- Researchers wanted to see how many additional calories people could burn by increasing their daily activity levels without formal exercise.
- Small activities like standing, fidgeting, and walking a little faster increased energy expenditure several times above resting levels, and this worked best for the people who were most overweight.
- If you do these kinds of activities every day, you can burn enough calories to lose 5 more pounds of fat over the course of a 12 week cut.
Weight loss has rules.
And the first rule of weight loss is this: you must burn more calories than you consume.
Then the question becomes, how best to do that?
Meal planning is the simplest way to manage your calorie consumption—the “calories in” side of the equation—but most people turn to running, jogging, and the stairmaster to up the “calories out” side of the equation.
While that works, most people also don’t like cardio.
It never seems to work fast enough.
So, what’s a would be dieter to do?
One solution is to find other ways to burn calories.
Remember that every additional calorie you burn above your intake helps you lose weight faster, and that includes activities you do every day like fidgeting at your desk, getting up to go to the bathroom, and walking from your car to the office.
The “hidden calories” burned during these activities are referred to as non-exercise activity thermogenesis (NEAT), which includes all of the movements you make throughout the day that aren’t formal exercise.
How much of a difference does NEAT really make, though?
And what are the best ways to increase it?
That’s what scientists from the Mayo Clinic and Mayo Foundation wanted to find out in a study published in 2000.
They found that small movements throughout the day don’t burn many calories in and of themselves, but when you add them all up over the course of a day, week, or month, they could help you lose weight significantly faster.
Let’s see dig into the details.
- What Did the Researchers Do?
- What Were the Study Results?
- What Does This Mean for You?
Table of Contents
The researchers had 24 people (17 women and 7 men) perform a variety of activities that represent some of the most common kinds of NEAT.
The study included 10 lean, 9 overweight, and 5 obese people who weighed anywhere from 110 to 240 pounds. Some earlier research suggested that obese people might not benefit as much from the same level of NEAT (suggesting some kind of metabolic impairment), so including people with different amounts of body fat allowed them to test if this was true.
They measured energy expenditure for 20 minutes during 8 different conditions:
1. Lying down, completely motionless.
This involved lying down without moving in a dark room for one hour, which is the standard way to measure resting energy expenditure (REE), also known as resting metabolic rate (RMR).
The subjects were also told not to eat or exercise for 8 hours before the test, as that would have increased their metabolic rates.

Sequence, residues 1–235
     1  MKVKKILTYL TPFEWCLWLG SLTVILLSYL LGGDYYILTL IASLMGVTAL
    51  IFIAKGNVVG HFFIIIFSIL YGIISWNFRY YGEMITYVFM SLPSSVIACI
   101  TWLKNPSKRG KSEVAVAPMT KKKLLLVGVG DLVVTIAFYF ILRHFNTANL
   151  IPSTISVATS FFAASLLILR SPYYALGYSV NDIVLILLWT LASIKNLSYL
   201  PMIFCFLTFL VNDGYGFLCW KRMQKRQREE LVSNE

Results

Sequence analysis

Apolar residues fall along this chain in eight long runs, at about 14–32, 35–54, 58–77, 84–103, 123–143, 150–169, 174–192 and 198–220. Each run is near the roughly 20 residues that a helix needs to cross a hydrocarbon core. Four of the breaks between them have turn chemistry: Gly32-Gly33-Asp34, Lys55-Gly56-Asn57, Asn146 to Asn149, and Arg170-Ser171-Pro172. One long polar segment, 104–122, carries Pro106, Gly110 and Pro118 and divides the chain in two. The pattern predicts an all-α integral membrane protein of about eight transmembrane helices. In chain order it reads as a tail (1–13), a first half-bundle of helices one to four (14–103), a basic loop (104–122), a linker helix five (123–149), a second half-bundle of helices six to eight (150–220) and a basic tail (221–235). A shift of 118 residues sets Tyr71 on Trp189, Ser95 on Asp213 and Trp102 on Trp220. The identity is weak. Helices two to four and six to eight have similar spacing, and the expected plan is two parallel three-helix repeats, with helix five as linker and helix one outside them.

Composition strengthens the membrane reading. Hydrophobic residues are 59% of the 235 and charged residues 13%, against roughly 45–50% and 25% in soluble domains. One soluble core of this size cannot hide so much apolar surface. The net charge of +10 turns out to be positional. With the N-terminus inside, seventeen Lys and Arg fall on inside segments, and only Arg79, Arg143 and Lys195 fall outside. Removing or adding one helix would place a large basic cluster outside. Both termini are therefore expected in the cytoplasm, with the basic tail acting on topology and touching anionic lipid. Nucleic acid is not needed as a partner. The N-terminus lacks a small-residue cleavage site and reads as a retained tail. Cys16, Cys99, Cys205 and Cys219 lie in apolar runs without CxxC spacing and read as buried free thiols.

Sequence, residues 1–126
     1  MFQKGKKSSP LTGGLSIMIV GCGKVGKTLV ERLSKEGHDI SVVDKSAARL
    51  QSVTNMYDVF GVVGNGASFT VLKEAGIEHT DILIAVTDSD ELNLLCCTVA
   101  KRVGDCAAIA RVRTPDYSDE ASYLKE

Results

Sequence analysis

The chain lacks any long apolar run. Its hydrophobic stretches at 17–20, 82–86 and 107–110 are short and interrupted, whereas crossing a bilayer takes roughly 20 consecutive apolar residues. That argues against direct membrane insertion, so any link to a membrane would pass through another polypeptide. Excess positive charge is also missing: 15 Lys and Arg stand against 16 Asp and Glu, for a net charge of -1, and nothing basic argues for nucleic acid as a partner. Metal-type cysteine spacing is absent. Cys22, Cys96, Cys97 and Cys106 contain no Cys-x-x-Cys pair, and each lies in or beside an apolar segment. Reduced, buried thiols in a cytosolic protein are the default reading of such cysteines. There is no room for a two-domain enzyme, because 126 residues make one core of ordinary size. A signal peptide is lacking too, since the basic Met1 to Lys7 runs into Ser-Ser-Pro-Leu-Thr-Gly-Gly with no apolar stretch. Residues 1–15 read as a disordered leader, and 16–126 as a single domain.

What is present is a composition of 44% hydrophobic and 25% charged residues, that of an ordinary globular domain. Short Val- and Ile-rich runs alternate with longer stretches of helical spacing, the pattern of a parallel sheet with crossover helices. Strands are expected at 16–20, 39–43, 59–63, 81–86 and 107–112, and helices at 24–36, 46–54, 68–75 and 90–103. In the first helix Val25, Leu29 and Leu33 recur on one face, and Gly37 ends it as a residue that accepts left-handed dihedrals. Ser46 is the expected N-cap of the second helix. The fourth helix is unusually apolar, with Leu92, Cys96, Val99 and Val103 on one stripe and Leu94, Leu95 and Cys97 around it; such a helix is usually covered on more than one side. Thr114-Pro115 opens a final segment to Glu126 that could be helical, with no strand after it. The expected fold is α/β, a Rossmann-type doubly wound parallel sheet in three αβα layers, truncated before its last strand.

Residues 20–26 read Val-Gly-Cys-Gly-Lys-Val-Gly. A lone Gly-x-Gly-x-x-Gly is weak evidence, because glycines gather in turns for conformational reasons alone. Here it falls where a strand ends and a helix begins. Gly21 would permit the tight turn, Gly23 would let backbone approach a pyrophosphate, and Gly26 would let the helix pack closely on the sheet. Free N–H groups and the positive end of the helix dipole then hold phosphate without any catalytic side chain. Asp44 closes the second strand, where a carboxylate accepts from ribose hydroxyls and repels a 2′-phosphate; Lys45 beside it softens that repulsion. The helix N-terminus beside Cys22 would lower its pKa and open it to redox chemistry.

The subject’s REE was used as a baseline to compare the other activities to.
2. Sitting motionless.
This involved sitting in a chair with their arms and legs supported without moving at all. Think “Netflix” mode.
3. Sitting while fidgeting.
The subjects were allowed to choose what kind of fidgeting they did, but most chose the same things: tapping their feet, swinging their arms and legs, reading magazines, grooming their hair, and playing around on the computer.
4. Standing motionless.
This involved standing perfectly still.
5. Standing while fidgeting.
This involved standing while fidgeting with their arms and legs.
The subjects were allowed to choose what kind of fidgeting they did, but most walked around the lab, or pretended to talk on the phone, fold sheets, or play with a pet to mimic daily activities.
6. Walking at 1 mile per hour.
This involved walking on a treadmill at 1 mile per hour.
You could say that walking counts as “formal exercise,” but remember that most of the walking we do every day is more or less spontaneous.
Walking to the bathroom, pacing back and forth while talking on the phone, and taking the stairs are all forms of NEAT, so the researchers used treadmill walking to estimate how many calories people burn during these activities, too.
Some people also walk faster than others, which is why they took two more measurements…
7. Walking at 2 miles per hour.
This involved walking on a treadmill at 2 miles per hour.
8. Walking at 3 miles per hour.
This involved walking on a treadmill at 3 miles per hour.
The researchers used a method called indirect calorimetry to measure calorie expenditure during each activity. This tool measures the mixture of gases that people exhale, and it’s considered one of the most reliable ways to measure calorie burning in a lab.
One downside of the study is that it only lasted for a day. The only goal was to measure how many calories people burned doing different activities, not to see how it affected weight loss, so we have to guess how this would play out over time.